Certainly, the surroundings of Split hold some very interesting, still secret places of fascinating beauty.

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Ancient Roman amphitheatre in Salona

From here, there are several different directions in which one can continue the journey to the south of Dalmatia and Dubrovnik, either by sea or land, depending on which part one would want to explore further. The inland, for example, offers karst terrain and beautiful spots along the two river flows, the Cetina and the Neretva. A journey to Dubrovnik via the Dalmatian hinterland is something I usually recommend to people who do not have sea legs or to those who have already seen enough of it during their trip. The Dalmatian hinterland, as I have already mentioned, offers a vast cultural diversity. The border with the neighbouring Bosnia and Herzegovina is very close, so here the Catholic, Orthodox and Islamic cultural influences can all be experienced within a few kilometers.

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The city of Mostar, a truly unique place. To fully understand this land and its poeople, one must experience it.

On the other hand, the sea offers irresistible islands, each a story of its own. The islands of Brac, Hvar, Korcula, Mljet, the Elaphiti Islands and the open-sea islands of Vis and Lastovo certainly can extend the journey to Dubrovnik for a week. There are a number of excellent themed cruises covering the islands and their natural and cultural attractions. Whichever way you go, you cannot skip the Peljesac peninsula, the largest peninsula in Dalmatia and the second largest in Croatia. In the Bay of Mali Ston you can taste unique oysters, visit the famous walls and saltpans, or even try a typical Ston cake.

One of the oldest saltworks in the world, Solana Ston, – picture curtesy of D. Šabić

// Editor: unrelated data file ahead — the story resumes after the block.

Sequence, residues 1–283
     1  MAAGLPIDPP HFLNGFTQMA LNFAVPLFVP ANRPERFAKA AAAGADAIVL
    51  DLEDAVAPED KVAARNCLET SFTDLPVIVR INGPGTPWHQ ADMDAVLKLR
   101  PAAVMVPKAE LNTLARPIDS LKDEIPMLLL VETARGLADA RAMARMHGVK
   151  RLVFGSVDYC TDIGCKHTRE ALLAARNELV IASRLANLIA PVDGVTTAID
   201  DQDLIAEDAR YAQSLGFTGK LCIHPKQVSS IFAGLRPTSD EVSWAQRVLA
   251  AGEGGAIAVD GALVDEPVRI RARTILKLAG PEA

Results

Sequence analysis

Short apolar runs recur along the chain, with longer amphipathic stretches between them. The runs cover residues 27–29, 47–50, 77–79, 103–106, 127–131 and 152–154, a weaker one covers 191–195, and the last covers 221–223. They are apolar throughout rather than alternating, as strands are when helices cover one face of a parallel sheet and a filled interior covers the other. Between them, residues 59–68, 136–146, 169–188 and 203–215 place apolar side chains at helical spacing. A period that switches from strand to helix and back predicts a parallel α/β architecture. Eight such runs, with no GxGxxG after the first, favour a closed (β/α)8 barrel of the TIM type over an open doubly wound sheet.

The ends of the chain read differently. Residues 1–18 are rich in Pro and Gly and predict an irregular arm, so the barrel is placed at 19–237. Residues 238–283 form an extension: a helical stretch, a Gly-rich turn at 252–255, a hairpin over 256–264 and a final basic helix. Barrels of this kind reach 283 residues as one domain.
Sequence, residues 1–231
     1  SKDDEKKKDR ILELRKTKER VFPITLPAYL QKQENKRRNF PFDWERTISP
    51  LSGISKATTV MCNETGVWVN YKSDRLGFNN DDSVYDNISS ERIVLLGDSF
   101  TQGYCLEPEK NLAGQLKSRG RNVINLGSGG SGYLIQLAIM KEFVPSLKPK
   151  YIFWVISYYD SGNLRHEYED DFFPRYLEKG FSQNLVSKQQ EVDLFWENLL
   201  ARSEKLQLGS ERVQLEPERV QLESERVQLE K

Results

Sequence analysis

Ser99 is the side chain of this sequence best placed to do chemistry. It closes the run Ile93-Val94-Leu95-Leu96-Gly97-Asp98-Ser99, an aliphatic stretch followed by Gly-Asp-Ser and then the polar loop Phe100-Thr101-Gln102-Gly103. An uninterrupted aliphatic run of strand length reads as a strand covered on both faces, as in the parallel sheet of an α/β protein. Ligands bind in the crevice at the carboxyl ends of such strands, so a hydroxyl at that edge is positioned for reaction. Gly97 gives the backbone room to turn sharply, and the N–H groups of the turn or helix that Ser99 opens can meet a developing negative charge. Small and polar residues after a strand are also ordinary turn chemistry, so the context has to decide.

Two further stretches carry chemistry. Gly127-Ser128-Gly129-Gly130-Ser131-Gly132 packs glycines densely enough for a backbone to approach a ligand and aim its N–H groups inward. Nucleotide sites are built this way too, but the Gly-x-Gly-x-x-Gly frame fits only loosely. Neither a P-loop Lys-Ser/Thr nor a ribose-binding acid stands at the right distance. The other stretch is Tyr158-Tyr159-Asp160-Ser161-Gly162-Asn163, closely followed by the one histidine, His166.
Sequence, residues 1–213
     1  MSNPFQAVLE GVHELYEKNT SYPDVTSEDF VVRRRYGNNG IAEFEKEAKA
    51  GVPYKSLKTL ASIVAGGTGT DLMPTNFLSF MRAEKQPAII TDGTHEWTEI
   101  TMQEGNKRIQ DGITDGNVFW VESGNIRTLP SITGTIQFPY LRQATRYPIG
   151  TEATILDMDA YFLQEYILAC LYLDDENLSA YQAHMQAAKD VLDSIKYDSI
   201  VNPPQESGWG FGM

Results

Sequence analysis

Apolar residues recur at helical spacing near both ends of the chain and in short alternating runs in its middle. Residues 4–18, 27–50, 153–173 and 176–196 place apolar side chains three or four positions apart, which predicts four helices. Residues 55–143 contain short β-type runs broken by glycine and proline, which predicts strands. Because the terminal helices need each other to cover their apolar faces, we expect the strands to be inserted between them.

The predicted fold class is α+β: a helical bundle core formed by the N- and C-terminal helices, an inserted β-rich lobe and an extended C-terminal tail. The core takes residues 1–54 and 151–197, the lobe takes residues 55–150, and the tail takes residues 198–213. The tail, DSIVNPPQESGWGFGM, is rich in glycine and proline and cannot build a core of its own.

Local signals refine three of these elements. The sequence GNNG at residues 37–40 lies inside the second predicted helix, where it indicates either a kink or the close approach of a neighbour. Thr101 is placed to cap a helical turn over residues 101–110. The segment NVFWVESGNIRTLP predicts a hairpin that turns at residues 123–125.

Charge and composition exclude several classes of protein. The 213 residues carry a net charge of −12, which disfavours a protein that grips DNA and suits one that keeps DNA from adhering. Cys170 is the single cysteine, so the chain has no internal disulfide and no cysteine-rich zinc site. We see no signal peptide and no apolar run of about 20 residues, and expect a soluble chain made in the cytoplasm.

For wine lovers, the real adventure awaits on the road leading from Ston all the way to Orebić. Peljesac peninsula is home to the best known and renowned wine regions (terroirs) in Croatia, Dingač and Postup. Touring the vineyards, visiting tasting rooms and mingling with the locals is something one should definitely do.

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Tasting in an authentic cellar on Pelješac.

Returning from Pelješac and descending further south from Ston, it is only a short panoramic ride to Dubrovnik, at the very end of our little trip. The Pearl of the Adriatic, as it is affectionately known, is a magnificent and unparalleled architectural and artistic achievement. The people of Dubrovnik and the Dubrovnik Republic have left a significant mark on world history, which is evident in every corner of this city. Flight connections from Dubrovnik to the rest of the world are constantly increasing, making it one of the ideal points to end your journey on a high note.

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The city of Dubrovnik

Thus we reach the end of this blog post, modestly rounding off the story of this world travel destination, ideal for visiting in pre- and post-seasonal times. Whichever one you choose, you cannot go wrong. Travelling in Croatia, whether in spring or autumn, leaves enough room for a truly intimate feel of the destination. Unless of course you yearn for higher temperatures and a refreshing swim in the crystal-clear Adriatic Sea. And those millions of crickets…

 

…ABOUT PEOPLE IN DALMATIA

It has long been my wish to write something. I remember I enjoyed writing even when I was a kid. However, due to life circumstances, instead of a pen, I always ended up with something else in my hands to make a living, which is why I now feel a bit odd. I guess man`s got to start from somewhere, so let`s cut to the chase and see is it like riding a bicycle.

 

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Ok, time to write

I like blogging and I think that speaking and writing are gifts which I am hoping not to waste. True, there is no smell and sound of paper and pencil, but there is still that primordial human desire for expression. Hopefully I won`t be a disgrace for the history of human writing and someone will read my blog.

I have pondered on what and how to write, but the best conclusion I came up with was to write about what I truly want in the manner in which I truly want, and not what is expected of me. This means you can forget about the popular list-titled posts like “10 Breathtaking locations”, or “12 Croatian hidden gems”, only to discover later that gems were discovered by thousands of people. These texts tend to look good and seem to be easier to read, but I don’t think they are something that I want.
For my first blog, I decided to write about myself, about us, the people of Croatia or, more precisely, of the Dalmatian region (which indisputably includes me as well). So, what`s the best way to present the man of this country? As a man rooted in its stone, a commoner or a refined citizen, a modest and hard-working peasant, a bigoted Vlach or a prominent artist?